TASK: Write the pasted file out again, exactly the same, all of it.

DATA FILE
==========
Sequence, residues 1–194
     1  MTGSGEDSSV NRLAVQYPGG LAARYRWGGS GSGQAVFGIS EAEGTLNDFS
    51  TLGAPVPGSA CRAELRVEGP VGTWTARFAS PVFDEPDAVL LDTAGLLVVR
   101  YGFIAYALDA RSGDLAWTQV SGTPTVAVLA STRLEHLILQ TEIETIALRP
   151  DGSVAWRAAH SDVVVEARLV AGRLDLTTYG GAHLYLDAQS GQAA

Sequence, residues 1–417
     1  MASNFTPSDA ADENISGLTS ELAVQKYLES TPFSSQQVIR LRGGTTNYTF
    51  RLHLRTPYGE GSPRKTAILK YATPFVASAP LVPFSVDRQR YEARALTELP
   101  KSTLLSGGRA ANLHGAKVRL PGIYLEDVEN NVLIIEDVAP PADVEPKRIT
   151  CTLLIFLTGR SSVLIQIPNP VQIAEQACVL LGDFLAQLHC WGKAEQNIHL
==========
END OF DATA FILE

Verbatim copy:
Sequence, residues 1–194
     1  MTGSGEDSSV NRLAVQYPGG LAARYRWGGS GSGQAVFGIS EAEGTLNDFS
    51  TLGAPVPGSA CRAELRVEGP VGTWTARFAS PVFDEPDAVL LDTAGLLVVR
   101  YGFIAYALDA RSGDLAWTQV SGTPTVAVLA STRLEHLILQ TEIETIALRP
   151  DGSVAWRAAH SDVVVEARLV AGRLDLTTYG GAHLYLDAQS GQAA

Sequence, residues 1–417
     1  MASNFTPSDA ADENISGLTS ELAVQKYLES TPFSSQQVIR LRGGTTNYTF
    51  RLHLRTPYGE GSPRKTAILK YATPFVASAP LVPFSVDRQR YEARALTELP
   101  KSTLLSGGRA ANLHGAKVRL PGIYLEDVEN NVLIIEDVAP PADVEPKRIT
   151  CTLLIFLTGR SSVLIQIPNP VQIAEQACVL LGDFLAQLHC WGKAEQNIHL